A Different Kind of Discipline

My moves yesterday: 45 minutes of yoga, attempting headstands (are they supposed to be harder than handstands?!), 8 minutes of abs, walking.

So basically, yoga and walking. That sounds like a nice active rest day doesn’t it? A few months— or even weeks— ago, I would say so. Now though, that’s a lot for me.

I mentioned yesterday that slower workouts need to happen right now…but didn’t I say that a couple times on the blog already? Yeah, I did. I said I wanted to slow down my workouts to help me increase body fat so that I can get my woman processes all sorted out. Then I said I wasn’t doing a good job of actually giving my body rest, so I put even more restrictions on my exercise. But I still exercised a good amount because I still had a gym membership, dance, and opportunities to work out with my friends.

To be honest, when I wrote that second post about how I wasn’t really resting correctly, I sort of gave up on the rest thing until the end of the school year. I was involved in so many activities that working out became…automatic? (For lack of a better term.)

Well now that it’s summertime, I ended my gym membership, and I’m done with dance, I’m buckling down and really (REALLY REALLY REALLY) trying to rest more. Just more, not totally. I know what you’re thinking— sure you are, girl who cried wolf. 

As someone who had an eating disorder in the past, increasing the amount of food I consume has actually been the easier part of recovery. Decreasing exercise, on the other hand, has proven to be so difficult, and I honestly think that has been preventing my body from doing what it needs to do (ladies…ya know).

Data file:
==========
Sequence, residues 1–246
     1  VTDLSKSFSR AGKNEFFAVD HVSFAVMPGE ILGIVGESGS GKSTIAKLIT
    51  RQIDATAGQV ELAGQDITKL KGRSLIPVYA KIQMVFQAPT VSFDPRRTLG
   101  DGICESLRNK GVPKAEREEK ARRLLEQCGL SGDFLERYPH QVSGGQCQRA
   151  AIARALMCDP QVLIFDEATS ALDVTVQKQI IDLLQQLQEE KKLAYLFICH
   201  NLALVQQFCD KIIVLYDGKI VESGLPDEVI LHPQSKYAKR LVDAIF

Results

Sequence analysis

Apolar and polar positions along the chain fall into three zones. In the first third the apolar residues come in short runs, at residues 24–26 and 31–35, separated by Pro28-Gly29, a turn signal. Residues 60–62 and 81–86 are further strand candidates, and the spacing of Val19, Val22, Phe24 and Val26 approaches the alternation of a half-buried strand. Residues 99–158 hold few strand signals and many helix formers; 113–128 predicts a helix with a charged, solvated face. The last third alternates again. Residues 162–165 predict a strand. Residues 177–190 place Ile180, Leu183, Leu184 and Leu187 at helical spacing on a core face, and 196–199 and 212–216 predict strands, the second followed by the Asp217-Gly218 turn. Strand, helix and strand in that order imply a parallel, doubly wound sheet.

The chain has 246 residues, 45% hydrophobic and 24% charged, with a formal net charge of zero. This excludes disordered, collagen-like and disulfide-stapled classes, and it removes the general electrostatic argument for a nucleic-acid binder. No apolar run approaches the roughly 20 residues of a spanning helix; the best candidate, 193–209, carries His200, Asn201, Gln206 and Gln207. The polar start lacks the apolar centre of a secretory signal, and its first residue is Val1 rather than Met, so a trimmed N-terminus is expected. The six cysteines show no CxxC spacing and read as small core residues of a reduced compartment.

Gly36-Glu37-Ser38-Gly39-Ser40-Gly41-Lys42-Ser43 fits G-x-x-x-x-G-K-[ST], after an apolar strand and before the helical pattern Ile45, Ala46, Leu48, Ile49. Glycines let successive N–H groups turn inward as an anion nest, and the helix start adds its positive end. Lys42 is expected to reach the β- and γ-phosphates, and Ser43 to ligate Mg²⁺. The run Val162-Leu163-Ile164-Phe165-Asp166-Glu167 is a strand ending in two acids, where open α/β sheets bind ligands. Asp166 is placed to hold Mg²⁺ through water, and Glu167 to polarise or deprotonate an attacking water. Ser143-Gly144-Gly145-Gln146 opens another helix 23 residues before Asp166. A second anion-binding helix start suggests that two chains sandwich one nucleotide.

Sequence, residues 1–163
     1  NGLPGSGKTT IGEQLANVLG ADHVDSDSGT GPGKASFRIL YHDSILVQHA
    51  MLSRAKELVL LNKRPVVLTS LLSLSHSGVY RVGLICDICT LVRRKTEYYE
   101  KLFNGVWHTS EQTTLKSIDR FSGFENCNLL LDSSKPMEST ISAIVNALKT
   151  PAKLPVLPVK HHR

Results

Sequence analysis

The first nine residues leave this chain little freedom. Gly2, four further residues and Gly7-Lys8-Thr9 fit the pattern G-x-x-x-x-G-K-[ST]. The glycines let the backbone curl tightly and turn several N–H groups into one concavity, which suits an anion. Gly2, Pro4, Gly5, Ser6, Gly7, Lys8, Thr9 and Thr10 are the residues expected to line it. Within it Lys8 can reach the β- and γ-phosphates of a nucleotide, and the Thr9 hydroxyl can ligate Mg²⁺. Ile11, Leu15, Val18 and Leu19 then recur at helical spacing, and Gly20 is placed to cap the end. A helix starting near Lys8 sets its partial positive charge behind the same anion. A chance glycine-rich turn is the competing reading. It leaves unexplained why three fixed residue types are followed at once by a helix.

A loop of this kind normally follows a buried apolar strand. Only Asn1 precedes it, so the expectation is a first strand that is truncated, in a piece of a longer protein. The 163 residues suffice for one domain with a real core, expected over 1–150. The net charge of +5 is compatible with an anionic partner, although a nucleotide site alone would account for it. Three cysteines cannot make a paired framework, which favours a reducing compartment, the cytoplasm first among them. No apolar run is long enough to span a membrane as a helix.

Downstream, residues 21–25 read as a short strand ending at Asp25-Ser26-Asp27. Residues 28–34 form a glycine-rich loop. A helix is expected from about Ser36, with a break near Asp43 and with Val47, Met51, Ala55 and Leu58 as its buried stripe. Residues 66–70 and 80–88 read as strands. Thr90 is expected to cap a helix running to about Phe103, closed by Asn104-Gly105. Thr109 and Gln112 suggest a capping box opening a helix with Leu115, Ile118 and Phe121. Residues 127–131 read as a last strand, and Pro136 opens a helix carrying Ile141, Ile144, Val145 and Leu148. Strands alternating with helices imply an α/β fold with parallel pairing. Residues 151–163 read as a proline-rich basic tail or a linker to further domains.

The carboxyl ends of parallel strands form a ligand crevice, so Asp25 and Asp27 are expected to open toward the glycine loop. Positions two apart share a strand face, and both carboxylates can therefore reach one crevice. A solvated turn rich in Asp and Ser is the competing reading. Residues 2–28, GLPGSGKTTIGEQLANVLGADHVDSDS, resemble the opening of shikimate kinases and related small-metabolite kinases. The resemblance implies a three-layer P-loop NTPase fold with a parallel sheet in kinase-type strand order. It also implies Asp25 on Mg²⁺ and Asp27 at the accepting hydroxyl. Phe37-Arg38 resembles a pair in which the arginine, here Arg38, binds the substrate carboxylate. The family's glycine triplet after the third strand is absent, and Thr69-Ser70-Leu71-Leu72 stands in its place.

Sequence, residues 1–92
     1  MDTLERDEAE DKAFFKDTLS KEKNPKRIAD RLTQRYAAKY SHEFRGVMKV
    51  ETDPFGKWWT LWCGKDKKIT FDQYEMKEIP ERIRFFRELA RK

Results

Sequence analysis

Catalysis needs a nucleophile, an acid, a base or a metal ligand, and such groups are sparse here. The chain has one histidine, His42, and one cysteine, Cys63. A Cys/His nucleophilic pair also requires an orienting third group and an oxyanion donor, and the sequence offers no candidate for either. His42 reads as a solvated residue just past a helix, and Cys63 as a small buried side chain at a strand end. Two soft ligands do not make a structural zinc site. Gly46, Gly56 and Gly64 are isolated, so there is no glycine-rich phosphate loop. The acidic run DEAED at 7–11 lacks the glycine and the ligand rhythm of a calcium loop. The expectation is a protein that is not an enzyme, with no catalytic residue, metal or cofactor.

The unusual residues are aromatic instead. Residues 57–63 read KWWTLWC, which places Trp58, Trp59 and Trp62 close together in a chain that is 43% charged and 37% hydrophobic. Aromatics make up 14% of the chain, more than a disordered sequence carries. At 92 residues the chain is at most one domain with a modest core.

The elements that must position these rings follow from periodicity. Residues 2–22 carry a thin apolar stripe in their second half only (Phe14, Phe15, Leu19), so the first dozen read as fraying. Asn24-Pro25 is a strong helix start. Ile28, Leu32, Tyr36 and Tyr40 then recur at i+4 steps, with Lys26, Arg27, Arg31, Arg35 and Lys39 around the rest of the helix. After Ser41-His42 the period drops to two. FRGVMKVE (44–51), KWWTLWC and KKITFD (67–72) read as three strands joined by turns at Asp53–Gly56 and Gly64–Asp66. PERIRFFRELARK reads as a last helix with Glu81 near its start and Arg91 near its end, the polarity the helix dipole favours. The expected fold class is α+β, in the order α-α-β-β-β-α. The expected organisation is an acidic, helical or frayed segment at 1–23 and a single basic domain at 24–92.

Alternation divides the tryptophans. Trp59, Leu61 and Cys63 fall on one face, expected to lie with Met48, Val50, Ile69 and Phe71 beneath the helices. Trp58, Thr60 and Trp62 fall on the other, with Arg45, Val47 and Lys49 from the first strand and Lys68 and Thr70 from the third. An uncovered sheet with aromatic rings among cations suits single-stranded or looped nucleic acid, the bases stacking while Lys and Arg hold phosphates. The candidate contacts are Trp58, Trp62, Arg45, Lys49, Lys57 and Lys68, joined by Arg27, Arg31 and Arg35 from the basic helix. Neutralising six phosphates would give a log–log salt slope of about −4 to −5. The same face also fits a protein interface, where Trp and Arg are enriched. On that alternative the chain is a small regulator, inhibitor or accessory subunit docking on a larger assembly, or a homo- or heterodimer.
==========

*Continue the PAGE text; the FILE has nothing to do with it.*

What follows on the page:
Why is it so difficult to not work out? For one, I simply love to move (hence the blog name). But there is also a huge culture of “discipline” in the fitness world, which can help motivate people to exercise…


…However, I feel like these kinds of messages are also guilt-trips. If I intentionally don’t work out for a couple days in a row, and I see a photo of a sweaty, flexing person on Instagram with the caption, “get it done” (or something similar), I can’t help but feel like I should get up and do burpees right then and there.

This kind of advocacy for workout discipline is great, don’t get me wrong. These “fitspiration” messages help prevent me from being a veg on the couch watching Giada and Ina on Food Network all day.

But right now, I need a sort of opposite discipline. I need the discipline to say:

No to burpees.

No to pistol squats.

No to tons of push ups.

No to running (yeah, RUNNING— the thing I don’t even like that much).

No to being out of breath.

No to pushing myself.

And I have been doing this for the past week or so. I’m not saying I’m completely resting, because I’m obviously not. I never did. It has just come to the right time for me to finally take this more seriously. Again, no doctor ever told me to stop exercising, and my doctor just told me last week that I should still be doing some sort of exercise, and I am. {I even said a few days ago that I could do a single dead hang pull-up now, but I’m pretty sure that’s mostly because of muscle memory. I use the door frame pull-up bar every time I walk by it.} Any movement right now is for my sanity— my mental health. I’m being mindful and careful all the while though.


Am I sure a decrease in working out will help out my situation? Nope. But I think my body needs the rest either way. I’ve also been eating even more.


So maybe this is just going through one ear and out the other for some of you at this point, but I’m still figuring out what the heck is happening too. Whatever it may be, for now, I’m practicing a different kind of discipline in telling myself to NOT go hard. Hold me accountable.